Moving away slightly from his individual accolades, this part of my Seve Bio looks at the powerful people in European golf that Ballesteros didn’t seem to get on well with and also his look back at the greatest competition the sport has to offer…
Part 5: ‘Scapegoat and The Magic of The Ryder Cup’
“If being a rebel means not accepting the authoritarian decisions, then I certainly am one.”
Seve during his golfing career wasn’t always calm. He very much disliked the hierarchy of the European Tour. Especially a man called Ken Schofield. Schofield was the chief executive of the Tour between 1975-2004. Seve felt Schofield singled him out. “I must have felt like a stone in Ken Schofield’s shoe. I swear he did everything he could to stop me from playing.” Schofield is an interesting character. He did do a lot for European golf. However there were many areas that needed approving. Seve knew this, and when he would ask for Schofield to look into these, he felt ignored.
Another figure Ballesteros had a damaging relationship with was the judge John Paramor. Whenever he could, it seemed Paramor would not allow Seve to play his game. He never was allowed to drop the ball if it was a pretty much impossible shot if Paramor was in charge of proceedings. He would often be given penalty strokes for slow play. One incident even saw Ballesteros lose his cool and get disqualified because Paramor insisted Seve had wrongly added his scorecard.
“The Ryder Cup is one of the world’s greatest sporting events.”
In 1979, Seve Ballesteros made his first appearance in the famous tournament. He lost his four-ball and single matches but won a point for Europe in the foursomes. They were crushed by the United States. Seve’s love for the tournament started here though, as he learnt a lot. He loved match play, which is what forms the Ryder Cup. He loved the ever-growing atmosphere by the spectators. He grew to love it so much that by the time the next one came around, he was left torn apart.
Schofield and co. excluded Ballesteros from the 1981 team for not playing enough that year. The effect of this is that Europe lost even heavier than they did in 1979. Seve was so hurt by the exclusion that he vowed to “Never take part in any Ryder Cups ever again.”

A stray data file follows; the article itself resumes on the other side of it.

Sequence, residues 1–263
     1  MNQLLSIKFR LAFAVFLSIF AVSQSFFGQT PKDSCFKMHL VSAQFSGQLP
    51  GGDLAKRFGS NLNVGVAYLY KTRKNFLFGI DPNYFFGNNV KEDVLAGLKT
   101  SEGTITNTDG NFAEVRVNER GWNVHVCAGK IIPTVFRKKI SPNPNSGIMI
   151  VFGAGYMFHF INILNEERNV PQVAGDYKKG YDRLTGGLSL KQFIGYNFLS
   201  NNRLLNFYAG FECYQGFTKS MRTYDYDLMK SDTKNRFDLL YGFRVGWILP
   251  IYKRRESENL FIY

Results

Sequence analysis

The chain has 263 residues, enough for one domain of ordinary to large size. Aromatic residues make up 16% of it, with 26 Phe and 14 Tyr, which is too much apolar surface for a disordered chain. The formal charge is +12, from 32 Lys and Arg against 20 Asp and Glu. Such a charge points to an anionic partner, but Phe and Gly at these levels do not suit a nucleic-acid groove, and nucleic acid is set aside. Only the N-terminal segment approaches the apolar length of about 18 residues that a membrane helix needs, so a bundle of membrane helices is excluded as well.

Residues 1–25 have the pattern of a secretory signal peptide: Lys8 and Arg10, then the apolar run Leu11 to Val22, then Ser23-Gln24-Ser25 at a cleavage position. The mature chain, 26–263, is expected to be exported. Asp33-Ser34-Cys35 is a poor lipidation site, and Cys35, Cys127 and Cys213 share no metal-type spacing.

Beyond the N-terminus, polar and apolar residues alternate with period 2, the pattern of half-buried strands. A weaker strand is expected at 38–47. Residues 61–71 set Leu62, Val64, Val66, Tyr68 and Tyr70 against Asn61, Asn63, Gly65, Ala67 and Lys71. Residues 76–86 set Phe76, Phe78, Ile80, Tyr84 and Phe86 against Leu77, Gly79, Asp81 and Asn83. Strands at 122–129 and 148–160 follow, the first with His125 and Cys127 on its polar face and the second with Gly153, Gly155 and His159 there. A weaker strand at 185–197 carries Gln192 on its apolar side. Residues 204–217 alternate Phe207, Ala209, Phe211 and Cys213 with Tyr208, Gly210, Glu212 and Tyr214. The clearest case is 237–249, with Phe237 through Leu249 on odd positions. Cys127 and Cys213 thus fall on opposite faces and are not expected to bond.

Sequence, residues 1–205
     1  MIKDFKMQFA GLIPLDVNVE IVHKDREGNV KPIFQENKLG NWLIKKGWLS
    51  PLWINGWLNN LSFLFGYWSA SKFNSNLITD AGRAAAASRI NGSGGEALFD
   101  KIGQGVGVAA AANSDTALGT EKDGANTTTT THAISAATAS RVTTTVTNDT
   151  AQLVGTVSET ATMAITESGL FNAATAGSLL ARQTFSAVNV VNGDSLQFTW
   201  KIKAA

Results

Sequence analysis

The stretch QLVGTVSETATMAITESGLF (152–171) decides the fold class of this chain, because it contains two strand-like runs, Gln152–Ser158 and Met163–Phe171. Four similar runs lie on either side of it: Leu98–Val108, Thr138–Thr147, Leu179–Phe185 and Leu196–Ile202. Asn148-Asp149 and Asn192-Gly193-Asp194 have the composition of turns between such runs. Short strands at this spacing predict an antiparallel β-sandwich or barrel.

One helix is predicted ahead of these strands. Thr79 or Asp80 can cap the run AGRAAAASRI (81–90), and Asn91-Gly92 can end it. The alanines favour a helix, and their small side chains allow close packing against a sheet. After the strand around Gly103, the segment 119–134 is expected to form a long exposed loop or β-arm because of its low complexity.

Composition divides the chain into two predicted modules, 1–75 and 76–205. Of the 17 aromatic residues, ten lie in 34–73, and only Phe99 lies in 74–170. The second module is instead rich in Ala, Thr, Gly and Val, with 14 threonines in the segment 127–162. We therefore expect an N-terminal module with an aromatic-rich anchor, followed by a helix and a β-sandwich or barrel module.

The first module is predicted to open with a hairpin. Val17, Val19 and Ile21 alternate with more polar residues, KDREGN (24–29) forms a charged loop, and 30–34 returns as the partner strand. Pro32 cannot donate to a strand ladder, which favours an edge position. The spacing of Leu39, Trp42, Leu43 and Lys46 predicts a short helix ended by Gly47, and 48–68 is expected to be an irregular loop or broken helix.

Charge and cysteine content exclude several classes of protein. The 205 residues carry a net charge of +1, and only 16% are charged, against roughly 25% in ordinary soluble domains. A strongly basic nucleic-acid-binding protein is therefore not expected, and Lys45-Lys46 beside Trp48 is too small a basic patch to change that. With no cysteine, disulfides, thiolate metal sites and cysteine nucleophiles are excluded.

1983, and a man called Tony Jacklin is named Europe captain. He wants Seve in his side, but at first the Spaniard declines. After some advice from his brother, Ballesteros turned back on his word and returned to the Ryder Cup with huge optimism. Europe battled hard in Florida, but lost by half a point.
Then the tide turned in 1985. Europe, which had a stronger team that played in Florida and were made favourites to win. The two teams were tied on 6-6 going into the Saturday afternoon sessions. Europe won 3 of their 4 games to make it 9-7 heading into the singles on the Sunday. Seve drew his match. Earning half a point for Europe in the process. But Europe managed to hang on and for the first time since 1957, they had won the Ryder Cup.
“It was at that instant, when I saw the euphoria of the spectators and my colleague’s display of emotion, that I understood the real meaning of the Ryder Cup.”
1987 was to prove even better. Playing away on American soil, the European team was made up of golfers on top of their games. Seve thinks that the team of ’87 was the best one ever. It was here that his partnership with Jose María Olazábal worked it’s magic. With both Spaniards playing similar games, they were near enough impossible to beat. Europe went on to win 15-13. Seve won the decisive point in the singles, defeating Curtis Strange in a slightly heated contest. “Tony Jacklin, Nick Faldo and I were hugging on the edge of the green, crying. We were so excited!” The team of 1987 had made history.
The Americans seemed to be knocked astray after losing on home territory for the first time in 87’. But in 1989, when Europe looked odds on to win yet again, the Yankees thought back to draw the competition 14-14. Europe still retained the cup, but this was a warning for what would occur in 1991. ‘The War on the Shore’ in South Carolina. The Americans, who took to warlike tactics came back to win the Ryder Cup for the first time since 1983. According to Seve, they won the cup “by making Golf pay a high price as a sport.”
When it came to individual titles, the period of 1991-1994 proved a tough one. During which Ballesteros would go on a sour 26-month streak before winning a title. In 1993 he was winless, and fell in 42nd in the European rankings, he lowest rank since turning pro nearly twenty years previous. His win in the Benson and Hedges Invitational in 94’ kicked started his ascend towards the top once again, still proving to the world that the old Seve was still there.